Thursday, August 19, 2010

Conversation with a reader: loyalty (part 2)

M.E.: So in your case, giving him a hard time about not meeting your needs increased the cost side of the cost/benefit equation.

Reader: If you mean that I eventually cost him more than I benefited him, yes.

M.E.: And you seemed to be set enough on things being that way that to him it seemed like it was going to be a constant deficit. That's the thing with sociopaths, they're fine with running into the red for a little while, particularly depending on the amount of equity already in the relationship, but if they sense something is going to run into the red indefinitely, they would rather just break things off then lose their entire investment. It's like choosing to amputate an infected limb before it spreads to vital organs. I was like that with one of my friends. Her dad had terminal cancer. She is super emotional, sort of self destructive, as a rule, and the smartest person I know personally.

Reader: But she asked you for too much?

M.E.: In a way yes, in other ways no. She never really asked; I just became. I'm flexible enough that I could become whatever it was that she needed, or what I thought she needed. It's hard to know when to stop, you know? You think that you can be whatever they need you to be, and that if the person is important enough to you, you should do so. But it is not cost free to you.

Reader: It's the same for empaths.

M.E.: Exactly! You can't indefinitely wear a mask that is so foreign to the way you typically are, a mask of extreme compassion or selflessness. So the costs of the relationship go up, and the benefits go down because she is depressed all the time and you're not getting what you used to get, very interesting conversations, a check on your own bad behavior, superior advice in all things including fashion. You run many months into the red and there still seems to be no improvement. It will tear you up inside. It's too much, too much force to try to put on your psyche.

Reader: And is there a way to talk about what used to be good about the relationship so that you two can go back to that?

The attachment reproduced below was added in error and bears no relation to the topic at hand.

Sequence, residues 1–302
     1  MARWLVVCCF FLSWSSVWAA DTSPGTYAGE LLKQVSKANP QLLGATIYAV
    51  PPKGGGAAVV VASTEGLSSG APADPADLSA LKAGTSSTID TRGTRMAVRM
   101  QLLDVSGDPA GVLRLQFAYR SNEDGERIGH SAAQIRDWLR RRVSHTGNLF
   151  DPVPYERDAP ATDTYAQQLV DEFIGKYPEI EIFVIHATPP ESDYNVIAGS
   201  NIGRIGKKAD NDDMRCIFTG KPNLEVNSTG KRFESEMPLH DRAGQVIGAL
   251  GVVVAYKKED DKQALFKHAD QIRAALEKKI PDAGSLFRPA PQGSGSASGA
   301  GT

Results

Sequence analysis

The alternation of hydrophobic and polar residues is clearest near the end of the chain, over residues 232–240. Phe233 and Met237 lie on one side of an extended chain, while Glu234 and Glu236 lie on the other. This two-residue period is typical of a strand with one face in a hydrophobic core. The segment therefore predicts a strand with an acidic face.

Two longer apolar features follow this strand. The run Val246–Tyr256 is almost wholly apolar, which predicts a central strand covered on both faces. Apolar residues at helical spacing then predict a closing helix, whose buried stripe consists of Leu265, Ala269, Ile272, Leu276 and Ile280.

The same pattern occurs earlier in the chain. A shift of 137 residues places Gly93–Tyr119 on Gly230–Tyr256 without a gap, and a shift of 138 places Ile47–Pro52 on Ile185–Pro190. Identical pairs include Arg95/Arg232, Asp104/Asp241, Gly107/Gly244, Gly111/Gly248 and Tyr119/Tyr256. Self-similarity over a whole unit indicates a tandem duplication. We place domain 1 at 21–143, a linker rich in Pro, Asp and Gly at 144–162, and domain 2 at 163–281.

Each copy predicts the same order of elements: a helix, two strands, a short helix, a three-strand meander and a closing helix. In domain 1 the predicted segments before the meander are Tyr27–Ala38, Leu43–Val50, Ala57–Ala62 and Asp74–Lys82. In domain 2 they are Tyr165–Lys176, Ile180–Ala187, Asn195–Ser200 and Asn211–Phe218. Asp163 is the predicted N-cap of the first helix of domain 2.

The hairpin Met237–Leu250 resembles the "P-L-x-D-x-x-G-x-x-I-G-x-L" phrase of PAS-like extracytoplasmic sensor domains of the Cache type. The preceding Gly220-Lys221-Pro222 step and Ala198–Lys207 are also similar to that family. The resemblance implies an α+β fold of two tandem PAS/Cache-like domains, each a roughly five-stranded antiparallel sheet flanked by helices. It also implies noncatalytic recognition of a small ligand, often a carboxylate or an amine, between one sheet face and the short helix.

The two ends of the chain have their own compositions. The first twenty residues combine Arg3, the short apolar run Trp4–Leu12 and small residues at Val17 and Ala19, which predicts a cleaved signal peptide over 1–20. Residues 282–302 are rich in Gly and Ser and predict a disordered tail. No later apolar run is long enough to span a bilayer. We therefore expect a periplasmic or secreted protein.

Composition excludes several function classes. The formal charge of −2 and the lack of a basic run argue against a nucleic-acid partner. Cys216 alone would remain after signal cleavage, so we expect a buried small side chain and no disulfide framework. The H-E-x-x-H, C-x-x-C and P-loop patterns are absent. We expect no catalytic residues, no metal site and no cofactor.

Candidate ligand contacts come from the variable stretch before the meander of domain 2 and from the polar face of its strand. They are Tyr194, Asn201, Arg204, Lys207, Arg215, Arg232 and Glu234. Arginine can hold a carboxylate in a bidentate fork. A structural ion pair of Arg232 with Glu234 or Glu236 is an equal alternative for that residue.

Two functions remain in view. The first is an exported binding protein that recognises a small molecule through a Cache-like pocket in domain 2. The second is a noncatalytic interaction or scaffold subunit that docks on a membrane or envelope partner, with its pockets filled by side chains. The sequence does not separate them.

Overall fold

M.E.: Yeah, there are always ways to go back, sunk costs, right? They’re ignored.

Reader: So will you get back in touch with your friend eventually?

M.E.: Ah, we're friends now. She picks all of my best clothing items. We didn't speak for a while, though. I was the one who asked for that, not speaking, that is. I think that hurt her a lot. She has a fear of being abandoned.

Reader: Of course it hurt her.

M.E.: Which is why I postponed it for so long, but it was literally making me crazy. I mean, I don't really have any boundaries. It's really hard to be put in a situation in which boundaries are necessary.

Reader: You probably did the right thing, by taking space.

M.E.: Yeah, maybe. It was really hard. I think it bothered me more that I had failed than that I had failed her, you know? I have such a healthy self-image, then something like this comes along. That's when you start feeling like you really are defective, like something is seriously wrong with you. You start believing that no matter how hard you try to do better in the future, this will keep happening over and over in your life like some sort of sick déjà vu. That's when life really starts to seem meaningless.

39 comments:

  1. this is so fucking interesting

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  2. Where I don'T see it at all,there is no actual conversation, just a part of it and about a subject particularly ininteressting

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  3. I liked this:

    they're fine with running into the red for a little while, particularly depending on the amount of equity already in the relationship, but if they sense something is going to run into the red indefinitely, they would rather just break things off then lose their entire investment.

    and this:

    You can't indefinitely wear a mask that is so foreign to the way you typically are, a mask of extreme compassion or selflessness.

    Yet more things I had to learn the hard way! M.E., where have you been all my life? ;-) Do you know how much time I could have spared myself had I had this blog to read when I was 16?

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  5. PostmodernSociopathAugust 19, 2010 at 9:02 AM

    What Birdick said.

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  6. I find it extremely strange that all your friend's responses are one-liners. That, and the fact that they comfort you and allow you to further your elaborations.

    Regardless of the authenticity of this conversation, I agree only partially.

    "You can't indefinitely wear a mask that is so foreign to the way you typically are, a mask of extreme compassion or selflessness. So the costs of the relationship go up, and the benefits go down because she is depressed all the time and you're not getting what you used to get, very interesting conversations, a check on your own bad behavior, superior advice in all things including fashion. You run many months into the red and there still seems to be no improvement. It will tear you up inside. It's too much, too much force to try to put on your psyche."

    This part is the one I partially agree with. Only when someone hits a perpetual depression wherein they become completely and utterly useless is when I step back and say, "I'm going to stop this." The only complaints I have with this statement is that I don't think M.E. is referring to this sort of situation; rather, just a more superficial version.